Online Collaboration and Social Networking Expands at Demo
Startup companies this week launched products ranging from free Web conferencing initiated from a Web link and a wiki that reads Office documents to a social-networking service that taps into mobile technologies to pair people with common interests.
Convoq Inc. introduced a free version of its Web conferencing system called ASAP Express with a feature for generating a graphical link that can be embedded in e-mails, a Weblog or Microsoft Office documents. The feature, called ASAP Links, displays a users presence information and allows others to click the link to start an online meeting, Convoq executives said.
Downloading the Windows software is free, but users also can pay per-minute charge to conduct multi-party conferences, Convoq said.
On the wiki front, startup JotSpot Inc. demonstrated an upcoming feature for its service that lets users convert existing Microsoft Office Excel spreadsheets or Word documents into wiki applications, or what it terms "situated applications."
"These are Web-based applications tailored to the business at hand," said JotSpot CEO Joe Kraus during a presentation.
JotSpot first launched a beta of its hosted wiki in October. Wikis are collaborative Web pages that are open to editing by anyone, and JotSpot has built the development of small applications on top of the wiki platform.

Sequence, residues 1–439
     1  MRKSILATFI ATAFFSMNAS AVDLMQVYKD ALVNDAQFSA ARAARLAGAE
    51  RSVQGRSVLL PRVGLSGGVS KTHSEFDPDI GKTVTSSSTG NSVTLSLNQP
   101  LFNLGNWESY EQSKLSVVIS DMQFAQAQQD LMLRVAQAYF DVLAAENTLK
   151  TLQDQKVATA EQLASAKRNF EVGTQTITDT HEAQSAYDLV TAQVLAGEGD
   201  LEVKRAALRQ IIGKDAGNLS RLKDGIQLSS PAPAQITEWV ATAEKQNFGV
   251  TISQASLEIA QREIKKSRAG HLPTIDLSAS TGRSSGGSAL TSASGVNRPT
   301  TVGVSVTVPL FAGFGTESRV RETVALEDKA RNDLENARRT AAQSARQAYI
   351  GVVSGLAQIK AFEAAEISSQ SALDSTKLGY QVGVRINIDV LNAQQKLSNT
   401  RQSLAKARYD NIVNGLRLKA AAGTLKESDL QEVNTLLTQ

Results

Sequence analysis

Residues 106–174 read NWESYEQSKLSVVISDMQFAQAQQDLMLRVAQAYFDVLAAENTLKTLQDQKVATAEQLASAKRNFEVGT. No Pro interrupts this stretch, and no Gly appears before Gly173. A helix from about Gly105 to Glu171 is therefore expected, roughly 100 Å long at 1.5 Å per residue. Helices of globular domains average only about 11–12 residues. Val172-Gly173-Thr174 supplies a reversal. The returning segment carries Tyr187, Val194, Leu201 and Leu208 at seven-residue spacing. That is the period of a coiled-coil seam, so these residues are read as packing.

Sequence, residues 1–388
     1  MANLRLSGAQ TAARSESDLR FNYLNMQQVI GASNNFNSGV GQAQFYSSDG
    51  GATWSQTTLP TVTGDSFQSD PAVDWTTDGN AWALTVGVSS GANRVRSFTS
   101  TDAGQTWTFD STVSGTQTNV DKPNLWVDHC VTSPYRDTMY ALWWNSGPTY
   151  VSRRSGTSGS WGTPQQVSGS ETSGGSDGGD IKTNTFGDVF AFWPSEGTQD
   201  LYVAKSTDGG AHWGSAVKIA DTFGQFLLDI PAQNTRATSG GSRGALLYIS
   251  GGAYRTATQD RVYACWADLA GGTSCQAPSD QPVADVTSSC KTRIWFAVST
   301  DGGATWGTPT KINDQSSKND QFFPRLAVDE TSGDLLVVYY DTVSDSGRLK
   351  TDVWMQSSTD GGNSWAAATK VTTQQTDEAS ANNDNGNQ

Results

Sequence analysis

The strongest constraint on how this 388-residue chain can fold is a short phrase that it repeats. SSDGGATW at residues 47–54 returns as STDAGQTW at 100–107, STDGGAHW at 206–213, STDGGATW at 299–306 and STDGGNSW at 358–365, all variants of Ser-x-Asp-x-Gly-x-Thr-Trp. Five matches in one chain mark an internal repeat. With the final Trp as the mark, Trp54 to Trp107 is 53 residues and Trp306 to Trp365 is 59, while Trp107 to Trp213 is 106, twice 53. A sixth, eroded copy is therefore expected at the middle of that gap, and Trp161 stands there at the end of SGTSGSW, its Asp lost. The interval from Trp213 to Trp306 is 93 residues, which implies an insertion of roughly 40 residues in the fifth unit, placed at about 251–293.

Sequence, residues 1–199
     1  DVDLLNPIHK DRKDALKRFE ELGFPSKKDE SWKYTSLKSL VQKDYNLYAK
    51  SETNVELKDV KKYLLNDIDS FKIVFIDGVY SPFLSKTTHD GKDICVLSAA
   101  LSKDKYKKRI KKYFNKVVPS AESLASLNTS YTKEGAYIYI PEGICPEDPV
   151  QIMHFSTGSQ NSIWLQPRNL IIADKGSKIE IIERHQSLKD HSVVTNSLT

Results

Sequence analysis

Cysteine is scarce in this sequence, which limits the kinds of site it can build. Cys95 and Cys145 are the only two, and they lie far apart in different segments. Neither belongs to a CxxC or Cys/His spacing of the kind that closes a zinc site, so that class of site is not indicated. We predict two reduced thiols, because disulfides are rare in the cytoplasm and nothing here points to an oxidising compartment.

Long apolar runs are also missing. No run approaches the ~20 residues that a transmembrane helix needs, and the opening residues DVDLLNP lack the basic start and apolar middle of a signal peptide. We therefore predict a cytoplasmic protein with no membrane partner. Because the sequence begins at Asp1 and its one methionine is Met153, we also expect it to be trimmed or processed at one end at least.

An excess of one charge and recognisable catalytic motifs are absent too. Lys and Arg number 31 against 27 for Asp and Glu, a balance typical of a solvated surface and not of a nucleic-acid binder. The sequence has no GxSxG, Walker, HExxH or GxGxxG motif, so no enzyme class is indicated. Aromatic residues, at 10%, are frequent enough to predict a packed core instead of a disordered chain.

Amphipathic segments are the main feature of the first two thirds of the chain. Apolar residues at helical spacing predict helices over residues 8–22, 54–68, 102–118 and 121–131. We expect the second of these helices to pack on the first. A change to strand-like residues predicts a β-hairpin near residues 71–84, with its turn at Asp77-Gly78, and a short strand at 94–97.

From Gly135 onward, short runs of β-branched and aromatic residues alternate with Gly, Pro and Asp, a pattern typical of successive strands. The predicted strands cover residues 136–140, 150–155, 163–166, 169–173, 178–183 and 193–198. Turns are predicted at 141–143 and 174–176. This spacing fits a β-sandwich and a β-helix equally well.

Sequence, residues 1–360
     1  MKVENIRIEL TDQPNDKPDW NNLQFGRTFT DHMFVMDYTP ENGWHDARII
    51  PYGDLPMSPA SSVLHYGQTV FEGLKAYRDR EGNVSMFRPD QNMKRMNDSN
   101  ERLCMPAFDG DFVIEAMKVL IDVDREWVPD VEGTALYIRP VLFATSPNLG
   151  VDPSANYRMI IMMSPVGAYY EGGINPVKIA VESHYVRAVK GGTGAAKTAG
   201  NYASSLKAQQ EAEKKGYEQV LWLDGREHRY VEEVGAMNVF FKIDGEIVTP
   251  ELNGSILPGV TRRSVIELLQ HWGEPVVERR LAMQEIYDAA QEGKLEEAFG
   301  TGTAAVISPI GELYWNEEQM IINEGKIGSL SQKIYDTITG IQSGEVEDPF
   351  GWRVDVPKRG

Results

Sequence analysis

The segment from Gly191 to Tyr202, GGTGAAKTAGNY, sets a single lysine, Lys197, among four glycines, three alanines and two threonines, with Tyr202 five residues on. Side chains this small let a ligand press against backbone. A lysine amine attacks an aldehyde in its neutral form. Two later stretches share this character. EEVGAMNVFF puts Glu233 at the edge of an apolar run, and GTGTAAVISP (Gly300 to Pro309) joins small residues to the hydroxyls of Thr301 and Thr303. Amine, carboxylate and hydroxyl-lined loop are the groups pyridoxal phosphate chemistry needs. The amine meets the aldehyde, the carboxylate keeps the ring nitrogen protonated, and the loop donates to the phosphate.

Kraus showed how the service can convert an Excel spreadsheet into an application through a series of wizard prompts.
JotSpot focused on Excel and Word because workgroups regularly use those applications to track projects and create documents that need to be shared and worked on collectively, he said. The feature will be available in the next few weeks to beta users.
Meanwhile, social networking continued to gain attention, though it has moved beyond the concept of meeting friends of a friend.
Jambo Networks unveiled its service that leverages Wi-Fi and other wireless networks to set people up in face-to-face meetings. Through short introduction statements, or what Jambo calls "taglines," users broadcast their interests for meeting other people from laptops or other Wi-Fi-enabled devices.
"If you share something in common and are within walking distance, Jambo will introduce you wirelessly," said Charles Ribaudo, a Jambo co-founder.
Jambo matches other users within wireless range with similar interests and without sharing personal information. The service can work without an Internet connection, instead tapping a local Wi-Fi network, Ribaudo said.
The service requires a client that supports Windows, Mac OS X and Pocket PC. Jambo is partnering with universities, conference and event producers and providers of Wi-Fi hotspots to deliver the service, and it will begin a pilot in the next few weeks at New Yorks LaGuardia Airport, Ribaudo said.
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